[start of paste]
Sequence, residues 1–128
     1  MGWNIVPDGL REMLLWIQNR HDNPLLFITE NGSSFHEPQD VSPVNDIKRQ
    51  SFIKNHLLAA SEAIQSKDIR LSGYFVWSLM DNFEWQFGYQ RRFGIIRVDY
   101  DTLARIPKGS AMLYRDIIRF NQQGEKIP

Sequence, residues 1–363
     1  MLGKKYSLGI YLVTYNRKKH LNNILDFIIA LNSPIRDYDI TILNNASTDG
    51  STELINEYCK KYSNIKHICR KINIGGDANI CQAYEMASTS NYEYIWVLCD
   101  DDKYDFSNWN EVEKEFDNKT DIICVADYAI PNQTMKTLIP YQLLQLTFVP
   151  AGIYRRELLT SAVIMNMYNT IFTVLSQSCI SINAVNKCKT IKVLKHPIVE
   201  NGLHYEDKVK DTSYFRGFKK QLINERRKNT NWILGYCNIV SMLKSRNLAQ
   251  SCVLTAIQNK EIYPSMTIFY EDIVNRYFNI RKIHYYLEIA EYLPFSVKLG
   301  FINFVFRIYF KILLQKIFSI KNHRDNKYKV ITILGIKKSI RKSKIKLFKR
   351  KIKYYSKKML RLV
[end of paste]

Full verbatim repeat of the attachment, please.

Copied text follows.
Sequence, residues 1–128
     1  MGWNIVPDGL REMLLWIQNR HDNPLLFITE NGSSFHEPQD VSPVNDIKRQ
    51  SFIKNHLLAA SEAIQSKDIR LSGYFVWSLM DNFEWQFGYQ RRFGIIRVDY
   101  DTLARIPKGS AMLYRDIIRF NQQGEKIP

Sequence, residues 1–363
     1  MLGKKYSLGI YLVTYNRKKH LNNILDFIIA LNSPIRDYDI TILNNASTDG
    51  STELINEYCK KYSNIKHICR KINIGGDANI CQAYEMASTS NYEYIWVLCD
   101  DDKYDFSNWN EVEKEFDNKT DIICVADYAI PNQTMKTLIP YQLLQLTFVP
   151  AGIYRRELLT SAVIMNMYNT IFTVLSQSCI SINAVNKCKT IKVLKHPIVE
   201  NGLHYEDKVK DTSYFRGFKK QLINERRKNT NWILGYCNIV SMLKSRNLAQ
   251  SCVLTAIQNK EIYPSMTIFY EDIVNRYFNI RKIHYYLEIA EYLPFSVKLG
   301  FINFVFRIYF KILLQKIFSI KNHRDNKYKV ITILGIKKSI RKSKIKLFKR
   351  KIKYYSKKML RLV